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PSA: You're Probably Playing Monopoly Wrong

From what happens when you land on Free Parking to jail etiquette, a board game expert sets the record straight.

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Game monopoly, game chips and dice on the table
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When it comes to board games, you can't get much more classic than Monopoly. And, surely, after years of duking it out over Park Place with your ultra-competitive family, you've got the rules down pat... right? Well, prepare for a shocker — as it turns out, a lot of us are likely playing this old favorite wrong. In fact, according to one board game expert, there are at least 10 made-up Monopoly rules used regularly enough that they require a little debunking.

Amy Crook, editorial chief and board games expert at GameRules.com, is out to set the record straight. Here are the mistakes she most often sees families make with Monopoly.

When you land on Go, you collect $200 — and only $200.

One big game edit is to bump up how much money gets collected when you land on Go. Some families double it up to help younger players.

"A common house rule is that if you land directly on Go, you receive $400 from the bank rather than the standard $200," Crook says. "While this may have helped you out of sticky situations in previous games, it is not actually a rule and only serves to make the game longer than it needs to be."

Meanwhile, you don't collect anything when you land on Free Parking.

Wait... what?! Is Crook saying fines and taxes don't go into the "free parking" fund for players to collect when they land there? Yup, that's apparently exactly what she's saying.

"Any in-game fines should be paid directly to the bank, and the Free Parking square should serve only as a 'resting place' if a player lands on it, according to the rule book."

When you land on a property, you can't just pass on it.

Many players believe if you land on a property and don't want to buy it, it's OK to go to the next player's turn. But that's not at all how this is supposed to work.

Instead, if a player doesn't want to buy an unowned property or utility they've landed on, it should go up for auction. "Every player can then bid on it, including the player who originally passed on buying it," explains Crook. "Any player can set the starting bid, and the property is then purchased by the subsequent highest bidder."

You absolutely can collect rent — and more — when you're in jail.

It's a common misconception that if you're in the slammer, you can't do anything until you get out. However, rules dictate that you can collect rent while in jail. You can even buy and sell property!

One caveat, says Crook: "Regardless of whether you are in jail or not, if you fail to notice a player has landed on your property, you cannot then ask them for rent once the next player has already rolled the dice."

Unless you roll doubles or have a get-out-of-jail-free card, you've got to pay up.

We all know that you can get out of jail by rolling doubles, yeah? And that if you don't roll doubles, you can just stroll right out after three rolls. Not so fast! "The rules actually state that on your third roll, you must still pay a $50 fine to the bank before moving your piece out of jail," says Crook.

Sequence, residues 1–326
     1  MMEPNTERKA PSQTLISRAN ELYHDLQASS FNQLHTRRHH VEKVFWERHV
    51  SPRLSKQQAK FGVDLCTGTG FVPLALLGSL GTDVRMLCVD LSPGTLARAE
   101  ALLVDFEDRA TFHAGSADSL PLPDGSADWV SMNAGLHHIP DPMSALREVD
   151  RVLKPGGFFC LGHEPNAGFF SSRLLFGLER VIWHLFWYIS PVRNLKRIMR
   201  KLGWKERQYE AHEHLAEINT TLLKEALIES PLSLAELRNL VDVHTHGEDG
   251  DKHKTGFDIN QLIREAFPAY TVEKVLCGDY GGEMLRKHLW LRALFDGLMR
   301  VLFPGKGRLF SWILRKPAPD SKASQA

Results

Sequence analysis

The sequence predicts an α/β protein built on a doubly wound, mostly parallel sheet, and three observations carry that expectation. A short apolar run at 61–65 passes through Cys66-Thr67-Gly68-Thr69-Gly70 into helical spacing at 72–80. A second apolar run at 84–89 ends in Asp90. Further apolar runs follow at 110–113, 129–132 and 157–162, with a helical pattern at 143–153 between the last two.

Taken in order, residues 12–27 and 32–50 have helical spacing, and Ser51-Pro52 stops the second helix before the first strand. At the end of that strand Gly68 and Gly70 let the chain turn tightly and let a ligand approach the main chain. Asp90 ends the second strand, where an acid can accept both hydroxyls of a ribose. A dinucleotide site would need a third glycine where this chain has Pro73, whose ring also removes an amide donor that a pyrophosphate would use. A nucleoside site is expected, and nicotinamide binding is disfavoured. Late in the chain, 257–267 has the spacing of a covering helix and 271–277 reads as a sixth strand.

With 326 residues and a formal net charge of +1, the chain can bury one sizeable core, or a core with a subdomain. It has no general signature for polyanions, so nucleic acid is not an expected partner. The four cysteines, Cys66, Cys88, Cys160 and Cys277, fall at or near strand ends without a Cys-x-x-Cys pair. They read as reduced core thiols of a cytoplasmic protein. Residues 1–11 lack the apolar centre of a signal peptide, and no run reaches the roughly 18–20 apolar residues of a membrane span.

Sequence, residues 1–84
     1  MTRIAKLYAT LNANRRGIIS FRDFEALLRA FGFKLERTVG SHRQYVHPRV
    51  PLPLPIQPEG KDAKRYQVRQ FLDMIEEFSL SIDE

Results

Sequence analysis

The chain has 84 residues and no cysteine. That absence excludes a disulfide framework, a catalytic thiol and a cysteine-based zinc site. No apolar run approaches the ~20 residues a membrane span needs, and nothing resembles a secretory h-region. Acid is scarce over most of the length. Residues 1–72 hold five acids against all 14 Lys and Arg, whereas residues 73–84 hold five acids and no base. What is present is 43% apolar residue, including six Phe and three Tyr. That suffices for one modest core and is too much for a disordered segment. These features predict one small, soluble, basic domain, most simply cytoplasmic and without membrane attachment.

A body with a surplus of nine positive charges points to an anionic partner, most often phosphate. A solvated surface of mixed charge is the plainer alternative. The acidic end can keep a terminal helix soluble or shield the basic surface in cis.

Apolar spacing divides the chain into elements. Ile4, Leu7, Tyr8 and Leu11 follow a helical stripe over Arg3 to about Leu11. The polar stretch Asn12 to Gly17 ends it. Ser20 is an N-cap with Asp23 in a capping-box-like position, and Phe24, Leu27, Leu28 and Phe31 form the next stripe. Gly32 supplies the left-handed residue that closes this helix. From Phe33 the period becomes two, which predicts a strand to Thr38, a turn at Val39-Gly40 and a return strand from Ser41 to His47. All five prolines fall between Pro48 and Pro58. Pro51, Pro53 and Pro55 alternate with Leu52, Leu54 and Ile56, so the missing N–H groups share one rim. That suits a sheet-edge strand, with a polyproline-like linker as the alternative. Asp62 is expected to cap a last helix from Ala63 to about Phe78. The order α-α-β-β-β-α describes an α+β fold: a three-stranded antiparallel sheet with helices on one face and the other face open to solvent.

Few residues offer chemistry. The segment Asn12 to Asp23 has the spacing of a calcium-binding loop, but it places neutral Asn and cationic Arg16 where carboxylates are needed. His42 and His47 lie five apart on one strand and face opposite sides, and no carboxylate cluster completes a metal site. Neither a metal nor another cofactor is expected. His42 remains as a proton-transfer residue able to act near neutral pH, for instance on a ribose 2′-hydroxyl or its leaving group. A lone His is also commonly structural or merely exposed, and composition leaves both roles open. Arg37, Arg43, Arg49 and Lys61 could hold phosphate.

You can "mortgage" property to the bank.

Need some fast cash? You can "mortgage" an un-updated property to the bank. At that point, though, they'll collect rent when other people land on the property. To "unmortgage" your property and start collecting rent, again, you'll need to buy back your property at the price on the card, plus 10% interest.

You don't have to wait until your turn to build houses.

Many players believe you can only build houses and hotels on properties when it's your turn. That's not entirely true. Once you own the entire color block, you can put houses on the properties whenever you want. Well, almost: "You can't, however, build houses on one of your properties if a player has already landed on it."

You must build evenly across the block.

Some families consider it OK to add a home or hotel to just one property on a block. The official rules say players must build houses evenly across their properties on a color block. "For example, you are not allowed to build a hotel on one green property and only one house on the other two green properties."

Take note, too: If you've mortgaged a property to the bank, you cannot build on it until you unmortgage it.

Properties don't go to the bank when a person goes bankrupt.

If a player lands on one of your properties and can't make enough moves to make money and pay rent to you, they'd go bankrupt. Here's the twist that's often missed: "If you are the one to bankrupt them, you acquire all their mortgaged properties, rather than these properties going back to the bank," says Crook. "When you acquire another player's mortgaged properties, you must immediately either pay the bank 10% interest on each mortgaged property or pay to unmortgage each property."

Properties only return to the bank when the player can't pay fines or taxes.

The game doesn't end until only one person is left.

Monopoly can sometimes feel like it lasts forever. As a result, many families or gaming groups end the round as soon as the first person goes bankrupt. In that case, the winner is usually the one left with the most money. However, official Monopoly rules state that "the game only ends when one player is left, and everyone else has gone bankrupt."

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